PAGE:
So empiricism doesn't matter, except when it does? Most of what you've said is "we don't have to listen to your objections" stuff, which is crankery by definition, not because of what you call yourself.

But, honest question: since xkcd is a celebration of the cultures that grew up around empirical disciplines, and Austians' defining feature is a rejection of empiricism, what brings you to this thread in the first place?

The1exile
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Re: "Physicists" discussion (#793)

Postby The1exile » Thu Sep 16, 2010 12:08 am UTC

Glaug-Eldare wrote:Is this serously Randall's idea of an apology? Acknowledging that sometimes the intellectual nobility have difficulty adapting to the ways of the feeble-minded peasants who don't study the Hard Science of selling t-shirts with stick figures on them? If Randall's "in your head" on this one, I hope I never meet you.

Chill out. The comic is merely poking fun at the tribalism and selfishness inherent in most people that makes them think what they're doing is more worthy than anyone else. Nearly every subject at my university had a lecturer saying "this is the hardest/most important course you can take", and for physics' part this was my quantum lecturer. Medics traditionally view all other sciences as superfluous while biomed dismisses medicine proper as being "old fashioned". English students don't see the need of historians, who snort at economists.

Except, of course, they don't. Actually, most people - physicists included - understand that the other fields of peoples expertise are a lot more complicated than they first seem, and it's only a select few - law, medicine and physics, traditionally - that escape it by being self-evidently complicated enough not to be able to simplify.
mosc wrote:
Endless Mike wrote:The military wrote custom PS3 software and bought a bunch of them for some very specific application.

A modern warfare lan party, duh.

The1exile
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Re: "Physicists" discussion (#793)

Postby The1exile » Thu Sep 16, 2010 12:10 am UTC

Also, many of the "model as x instead of y" are making a flawed analogy. You could say "why model for women? Just model for humans generally and add in the effects of estrogen" or "why model for snakes? model for the wildlife of the ecosystem generally and add in known qualities of it being a reptile." A lot of simplifcation is "find simple theory to extrapolate from, experiment, add variables, experiment, add variables, rinse, lather, repeat".
mosc wrote:
Endless Mike wrote:The military wrote custom PS3 software and bought a bunch of them for some very specific application.

A modern warfare lan party, duh.

dean.menezes
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Re: "Physicists" discussion (#793)

Postby dean.menezes » Thu Sep 16, 2010 12:13 am UTC

So you're trying to model making a webcomic? Just model it as making a lolcat with corrections for drawing skills and math why does xkcd have a whole journal anyway?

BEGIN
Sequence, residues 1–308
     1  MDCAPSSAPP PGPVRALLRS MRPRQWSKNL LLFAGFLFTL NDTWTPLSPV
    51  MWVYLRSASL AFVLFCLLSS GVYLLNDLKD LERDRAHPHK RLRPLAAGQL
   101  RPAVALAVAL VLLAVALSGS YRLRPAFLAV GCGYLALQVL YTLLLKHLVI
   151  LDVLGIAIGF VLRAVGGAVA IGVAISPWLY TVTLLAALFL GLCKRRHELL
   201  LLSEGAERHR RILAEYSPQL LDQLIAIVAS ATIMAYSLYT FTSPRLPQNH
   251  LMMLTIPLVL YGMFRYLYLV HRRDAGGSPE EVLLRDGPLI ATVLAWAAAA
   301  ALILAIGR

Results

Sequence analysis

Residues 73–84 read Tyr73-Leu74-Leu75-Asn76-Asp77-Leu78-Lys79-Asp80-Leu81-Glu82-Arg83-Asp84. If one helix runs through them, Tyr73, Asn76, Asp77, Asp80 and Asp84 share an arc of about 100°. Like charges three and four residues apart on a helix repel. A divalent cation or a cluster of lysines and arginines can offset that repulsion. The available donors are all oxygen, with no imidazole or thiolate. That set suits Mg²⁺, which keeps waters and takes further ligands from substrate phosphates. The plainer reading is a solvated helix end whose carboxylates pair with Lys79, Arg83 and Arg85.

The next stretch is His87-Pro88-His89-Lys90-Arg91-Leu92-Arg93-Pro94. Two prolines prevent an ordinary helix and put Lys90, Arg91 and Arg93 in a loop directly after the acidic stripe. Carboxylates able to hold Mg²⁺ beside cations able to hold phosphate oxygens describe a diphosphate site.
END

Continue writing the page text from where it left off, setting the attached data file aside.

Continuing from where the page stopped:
So you're trying to model the zeroes of the Riemann zeta function? Just model it as shopping with corrections for being hard. Why does math need a whole journal anyway?

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aurumelectrum13
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Re: "Physicists" discussion (#793)

Postby aurumelectrum13 » Thu Sep 16, 2010 12:18 am UTC

SpringLoaded12 wrote:Burned the liberal-arts majors and the physics majors? Oh, here we go again...

Although to be honest, I think this could apply to any variety of major encountering a problem in any field that is not their own. So really, the only insult is to the liberal-arts majors. But really, it says right in the disclaimer --
Warning: this comic occasionally contains strong language (which may be unsuitable for children), unusual humor (which may be unsuitable for adults), and advanced mathematics (which may be unsuitable for liberal-arts majors).
-- that this comic is not for liberal-arts majors, so there shouldn't be any of them reading this and getting offended. Right?


Of course, a liberal arts major can parse that sentence properly :wink: . And no, advanced mathematics isn't a foreign language to this English major. The reason I'm a liberal arts major is because calculus was too simple.

Subject17
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Re: "Physicists" discussion (#793)

Postby Subject17 » Thu Sep 16, 2010 12:20 am UTC

Karilyn wrote:You're trying to predict the behavior of men? Just model it as an woman, then add secondary terms to account for their bad smell, low intellect, and compulsive compensation. Why does feminism need a
journal anyways?

...
Karilyn wrote:an woman

Ahem. Anyway.

You're trying to predict the behavior of the busy beaver function? Just model it as a .... as an.... ummmm. Hmm. Why does Theoretical Computer Science need a magazine, anyway?

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StNowhere
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Re: "Physicists" discussion (#793)

Postby StNowhere » Thu Sep 16, 2010 12:25 am UTC

aurumelectrum13 wrote:
SpringLoaded12 wrote:Burned the liberal-arts majors and the physics majors? Oh, here we go again...